Skip to main content

MI-6

MI-6

branch of the british government responsible for the collection and analysis of foreign intelligence.

The function of this government service is primarily espionage, the obtaining of accurate information from the enemy by means of spies or agents; double agents generally work for MI-5, the British internal security agency. Cooperation between both services was necessary when working with enemy spies who were uncovered in Great Britain and persuaded to work for the British from then on, thus double-crossing their original masters. Other agencies included primarily the Admiralty, the Air Force, the Home Office, and the Foreign Office; in both World War I and World War II, university faculty members and special professions were inducted into the intelligence services. After the last war, MI-6 continued to work in the Middle East, as did the U.S. Central Intelligence Agency (CIA).


Bibliography


Masterman, J. C. The Double-Cross System in the War of 1939 to 1945. New Haven, CT: Yale University Press, 1972.

Roosevelt, Kermit. Countercoup: The Struggle for the Control of Iran. New York: McGraw-Hill, 1979.

Stevenson, William. A Man Called Intrepid: The Secret War. New York: Harcourt Brace, 1976; reprint, New York: Lyons Press, 2000.

West, Nigel. MI6: British Secret Intelligence Service Operations 190945. New York: Random House, 1983.

zachary karabell

Cite this article
Pick a style below, and copy the text for your bibliography.

  • MLA
  • Chicago
  • APA

"MI-6." Encyclopedia of the Modern Middle East and North Africa. . Encyclopedia.com. 20 Aug. 2018 <http://www.encyclopedia.com>.

"MI-6." Encyclopedia of the Modern Middle East and North Africa. . Encyclopedia.com. (August 20, 2018). http://www.encyclopedia.com/humanities/encyclopedias-almanacs-transcripts-and-maps/mi-6

"MI-6." Encyclopedia of the Modern Middle East and North Africa. . Retrieved August 20, 2018 from Encyclopedia.com: http://www.encyclopedia.com/humanities/encyclopedias-almanacs-transcripts-and-maps/mi-6

Learn more about citation styles

Citation styles

Encyclopedia.com gives you the ability to cite reference entries and articles according to common styles from the Modern Language Association (MLA), The Chicago Manual of Style, and the American Psychological Association (APA).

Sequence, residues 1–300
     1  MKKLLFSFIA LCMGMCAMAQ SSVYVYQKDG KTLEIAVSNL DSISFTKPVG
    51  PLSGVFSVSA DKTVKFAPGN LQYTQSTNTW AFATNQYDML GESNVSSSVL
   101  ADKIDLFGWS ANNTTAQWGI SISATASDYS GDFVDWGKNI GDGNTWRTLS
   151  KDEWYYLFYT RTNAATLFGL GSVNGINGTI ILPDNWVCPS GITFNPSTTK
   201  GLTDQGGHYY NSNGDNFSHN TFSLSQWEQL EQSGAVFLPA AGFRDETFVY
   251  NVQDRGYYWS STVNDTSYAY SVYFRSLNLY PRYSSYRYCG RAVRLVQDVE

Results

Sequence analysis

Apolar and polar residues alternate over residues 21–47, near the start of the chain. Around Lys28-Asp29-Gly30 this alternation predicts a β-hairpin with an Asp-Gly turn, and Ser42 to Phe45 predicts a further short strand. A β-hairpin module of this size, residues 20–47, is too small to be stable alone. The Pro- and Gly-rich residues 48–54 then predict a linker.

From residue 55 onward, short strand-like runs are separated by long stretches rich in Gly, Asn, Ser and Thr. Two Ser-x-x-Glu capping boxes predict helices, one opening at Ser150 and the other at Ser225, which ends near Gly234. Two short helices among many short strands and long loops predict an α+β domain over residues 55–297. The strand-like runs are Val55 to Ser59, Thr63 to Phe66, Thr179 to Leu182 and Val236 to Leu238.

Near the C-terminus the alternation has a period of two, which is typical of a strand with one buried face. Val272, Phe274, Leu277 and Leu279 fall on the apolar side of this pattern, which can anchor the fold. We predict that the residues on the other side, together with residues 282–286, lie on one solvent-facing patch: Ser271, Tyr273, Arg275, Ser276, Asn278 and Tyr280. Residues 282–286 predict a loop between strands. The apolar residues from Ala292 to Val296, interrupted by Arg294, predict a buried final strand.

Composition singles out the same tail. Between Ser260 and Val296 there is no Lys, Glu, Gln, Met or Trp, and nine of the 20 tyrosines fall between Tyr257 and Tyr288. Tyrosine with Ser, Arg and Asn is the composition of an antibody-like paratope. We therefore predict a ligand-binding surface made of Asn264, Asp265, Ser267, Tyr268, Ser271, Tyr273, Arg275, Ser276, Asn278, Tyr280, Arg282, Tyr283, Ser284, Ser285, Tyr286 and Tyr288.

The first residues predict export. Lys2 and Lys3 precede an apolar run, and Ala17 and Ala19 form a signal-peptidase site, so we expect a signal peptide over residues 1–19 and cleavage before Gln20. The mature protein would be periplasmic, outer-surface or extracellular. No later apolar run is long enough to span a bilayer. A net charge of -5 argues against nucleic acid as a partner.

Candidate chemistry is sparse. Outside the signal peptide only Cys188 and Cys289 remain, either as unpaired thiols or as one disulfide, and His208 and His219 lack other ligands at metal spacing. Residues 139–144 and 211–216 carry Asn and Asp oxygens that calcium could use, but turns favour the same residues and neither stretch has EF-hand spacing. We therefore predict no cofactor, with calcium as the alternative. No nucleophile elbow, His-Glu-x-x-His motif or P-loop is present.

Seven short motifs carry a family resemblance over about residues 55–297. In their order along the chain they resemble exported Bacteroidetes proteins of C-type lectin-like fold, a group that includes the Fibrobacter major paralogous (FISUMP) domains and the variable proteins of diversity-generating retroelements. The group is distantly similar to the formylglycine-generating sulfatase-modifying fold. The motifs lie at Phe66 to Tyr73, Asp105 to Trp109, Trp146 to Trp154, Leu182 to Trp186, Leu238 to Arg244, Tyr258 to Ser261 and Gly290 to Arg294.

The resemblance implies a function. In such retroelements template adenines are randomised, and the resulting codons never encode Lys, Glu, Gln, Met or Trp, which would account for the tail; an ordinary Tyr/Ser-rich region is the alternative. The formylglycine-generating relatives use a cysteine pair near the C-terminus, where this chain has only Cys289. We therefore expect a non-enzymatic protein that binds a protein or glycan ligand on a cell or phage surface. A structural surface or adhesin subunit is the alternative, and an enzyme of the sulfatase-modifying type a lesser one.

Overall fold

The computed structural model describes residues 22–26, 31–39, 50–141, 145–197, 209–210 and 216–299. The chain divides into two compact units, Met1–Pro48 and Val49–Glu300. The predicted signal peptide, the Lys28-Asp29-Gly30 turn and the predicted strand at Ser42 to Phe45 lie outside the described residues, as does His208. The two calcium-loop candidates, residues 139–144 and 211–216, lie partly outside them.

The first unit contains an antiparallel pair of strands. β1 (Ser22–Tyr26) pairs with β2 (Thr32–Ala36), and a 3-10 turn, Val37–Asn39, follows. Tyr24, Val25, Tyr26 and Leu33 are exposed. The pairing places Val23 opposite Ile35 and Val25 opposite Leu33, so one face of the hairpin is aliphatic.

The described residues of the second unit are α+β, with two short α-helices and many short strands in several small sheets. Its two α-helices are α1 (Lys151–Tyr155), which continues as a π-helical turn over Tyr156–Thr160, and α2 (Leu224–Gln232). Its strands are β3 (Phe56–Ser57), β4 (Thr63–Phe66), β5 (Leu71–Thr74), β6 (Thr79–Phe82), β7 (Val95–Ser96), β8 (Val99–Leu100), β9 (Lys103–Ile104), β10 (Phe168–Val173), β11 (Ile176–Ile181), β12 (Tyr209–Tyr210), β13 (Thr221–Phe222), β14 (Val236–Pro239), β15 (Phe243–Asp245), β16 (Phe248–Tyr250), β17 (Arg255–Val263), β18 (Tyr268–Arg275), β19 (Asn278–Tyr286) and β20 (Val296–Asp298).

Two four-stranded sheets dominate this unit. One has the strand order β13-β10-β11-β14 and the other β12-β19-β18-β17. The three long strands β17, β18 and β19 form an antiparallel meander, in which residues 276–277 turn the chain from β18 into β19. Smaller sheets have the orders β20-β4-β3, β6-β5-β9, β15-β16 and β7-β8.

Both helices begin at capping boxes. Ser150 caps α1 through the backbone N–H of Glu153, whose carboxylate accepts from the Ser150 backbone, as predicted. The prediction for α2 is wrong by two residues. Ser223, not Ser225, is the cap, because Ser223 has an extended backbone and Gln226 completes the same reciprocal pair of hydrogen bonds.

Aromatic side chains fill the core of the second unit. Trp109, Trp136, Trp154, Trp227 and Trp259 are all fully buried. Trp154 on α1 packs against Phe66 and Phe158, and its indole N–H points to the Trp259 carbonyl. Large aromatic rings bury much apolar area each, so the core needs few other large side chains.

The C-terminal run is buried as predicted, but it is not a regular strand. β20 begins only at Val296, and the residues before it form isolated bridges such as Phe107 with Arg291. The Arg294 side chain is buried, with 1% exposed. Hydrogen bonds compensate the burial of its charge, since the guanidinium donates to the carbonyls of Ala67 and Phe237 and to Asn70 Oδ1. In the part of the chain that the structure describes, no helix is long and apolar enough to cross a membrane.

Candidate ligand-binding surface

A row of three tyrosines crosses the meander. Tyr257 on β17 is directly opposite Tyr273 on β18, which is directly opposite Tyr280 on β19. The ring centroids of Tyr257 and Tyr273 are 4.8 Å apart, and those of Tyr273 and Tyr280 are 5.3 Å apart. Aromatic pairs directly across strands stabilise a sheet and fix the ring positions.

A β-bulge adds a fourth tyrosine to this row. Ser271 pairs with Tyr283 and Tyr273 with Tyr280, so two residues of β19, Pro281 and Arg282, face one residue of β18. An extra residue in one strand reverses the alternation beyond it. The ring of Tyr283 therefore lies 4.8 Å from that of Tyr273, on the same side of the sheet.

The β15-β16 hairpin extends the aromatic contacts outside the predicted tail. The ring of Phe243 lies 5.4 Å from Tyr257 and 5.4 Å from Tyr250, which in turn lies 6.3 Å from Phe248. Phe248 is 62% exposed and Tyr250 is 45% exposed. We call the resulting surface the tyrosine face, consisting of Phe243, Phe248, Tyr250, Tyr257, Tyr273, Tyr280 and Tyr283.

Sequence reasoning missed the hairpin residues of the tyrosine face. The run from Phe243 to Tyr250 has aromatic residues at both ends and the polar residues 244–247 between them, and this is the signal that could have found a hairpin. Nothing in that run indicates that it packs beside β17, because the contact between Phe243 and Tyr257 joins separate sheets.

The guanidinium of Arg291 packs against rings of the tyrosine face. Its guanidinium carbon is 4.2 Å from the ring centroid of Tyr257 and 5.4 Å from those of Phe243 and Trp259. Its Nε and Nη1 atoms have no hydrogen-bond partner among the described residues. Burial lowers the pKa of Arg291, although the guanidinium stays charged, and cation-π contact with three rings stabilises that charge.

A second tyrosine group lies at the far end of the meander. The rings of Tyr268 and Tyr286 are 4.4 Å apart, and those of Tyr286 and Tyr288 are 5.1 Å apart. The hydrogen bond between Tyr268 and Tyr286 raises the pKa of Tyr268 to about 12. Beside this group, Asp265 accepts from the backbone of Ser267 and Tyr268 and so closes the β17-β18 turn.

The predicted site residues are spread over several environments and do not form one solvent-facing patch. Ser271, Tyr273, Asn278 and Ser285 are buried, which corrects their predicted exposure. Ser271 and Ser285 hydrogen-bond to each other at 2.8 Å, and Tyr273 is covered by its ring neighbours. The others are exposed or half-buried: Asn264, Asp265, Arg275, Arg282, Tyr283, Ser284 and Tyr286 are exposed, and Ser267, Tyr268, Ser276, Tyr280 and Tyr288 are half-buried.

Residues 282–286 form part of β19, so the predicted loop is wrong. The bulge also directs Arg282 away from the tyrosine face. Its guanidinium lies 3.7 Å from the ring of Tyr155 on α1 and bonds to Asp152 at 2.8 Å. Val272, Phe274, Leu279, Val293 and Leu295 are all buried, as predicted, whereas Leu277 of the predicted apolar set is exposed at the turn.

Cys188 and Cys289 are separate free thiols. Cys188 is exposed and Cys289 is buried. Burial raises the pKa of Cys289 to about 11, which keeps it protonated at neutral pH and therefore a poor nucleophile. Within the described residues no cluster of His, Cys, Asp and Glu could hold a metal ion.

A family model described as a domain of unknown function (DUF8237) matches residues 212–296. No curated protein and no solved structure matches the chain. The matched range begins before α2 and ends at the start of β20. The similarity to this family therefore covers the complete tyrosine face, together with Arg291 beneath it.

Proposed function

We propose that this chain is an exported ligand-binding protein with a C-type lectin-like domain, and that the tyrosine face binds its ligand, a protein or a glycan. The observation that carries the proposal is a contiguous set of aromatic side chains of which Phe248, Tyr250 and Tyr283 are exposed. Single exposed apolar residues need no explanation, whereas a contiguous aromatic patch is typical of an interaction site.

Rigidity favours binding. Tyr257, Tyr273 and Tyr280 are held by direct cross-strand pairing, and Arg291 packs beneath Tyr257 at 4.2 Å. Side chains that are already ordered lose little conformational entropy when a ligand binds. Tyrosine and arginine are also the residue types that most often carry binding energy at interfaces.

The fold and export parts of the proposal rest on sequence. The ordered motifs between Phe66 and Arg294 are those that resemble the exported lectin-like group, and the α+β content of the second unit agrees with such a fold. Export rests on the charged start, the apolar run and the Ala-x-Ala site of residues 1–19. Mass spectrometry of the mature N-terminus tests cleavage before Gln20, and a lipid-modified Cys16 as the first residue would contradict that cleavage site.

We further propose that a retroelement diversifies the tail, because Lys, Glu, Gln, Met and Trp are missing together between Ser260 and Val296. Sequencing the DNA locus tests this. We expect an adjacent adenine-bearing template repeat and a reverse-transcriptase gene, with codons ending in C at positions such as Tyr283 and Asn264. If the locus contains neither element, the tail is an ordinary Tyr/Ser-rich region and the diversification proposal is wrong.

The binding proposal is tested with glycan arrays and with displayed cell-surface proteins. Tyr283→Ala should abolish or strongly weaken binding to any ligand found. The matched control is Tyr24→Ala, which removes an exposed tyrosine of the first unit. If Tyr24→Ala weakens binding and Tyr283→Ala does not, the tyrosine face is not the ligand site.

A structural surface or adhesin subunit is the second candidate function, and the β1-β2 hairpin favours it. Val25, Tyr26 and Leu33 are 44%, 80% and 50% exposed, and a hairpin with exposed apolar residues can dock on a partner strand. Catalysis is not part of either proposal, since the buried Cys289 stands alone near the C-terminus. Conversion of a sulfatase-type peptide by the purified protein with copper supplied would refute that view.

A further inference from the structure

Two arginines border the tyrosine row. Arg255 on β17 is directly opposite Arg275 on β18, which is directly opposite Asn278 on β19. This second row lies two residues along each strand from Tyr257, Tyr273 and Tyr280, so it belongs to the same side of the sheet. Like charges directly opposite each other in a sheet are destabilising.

Within the “Cite this article” tool, pick a style to see how all available information looks when formatted according to that style. Then, copy and paste the text into your bibliography or works cited list.

Because each style has its own formatting nuances that evolve over time and not all information is available for every reference entry or article, Encyclopedia.com cannot guarantee each citation it generates. Therefore, it’s best to use Encyclopedia.com citations as a starting point before checking the style against your school or publication’s requirements and the most-recent information available at these sites:

Modern Language Association

http://www.mla.org/style

The Chicago Manual of Style

http://www.chicagomanualofstyle.org/tools_citationguide.html

American Psychological Association

http://apastyle.apa.org/

Notes:
  • Most online reference entries and articles do not have page numbers. Therefore, that information is unavailable for most Encyclopedia.com content. However, the date of retrieval is often important. Refer to each style’s convention regarding the best way to format page numbers and retrieval dates.
  • In addition to the MLA, Chicago, and APA styles, your school, university, publication, or institution may have its own requirements for citations. Therefore, be sure to refer to those guidelines when editing your bibliography or works cited list.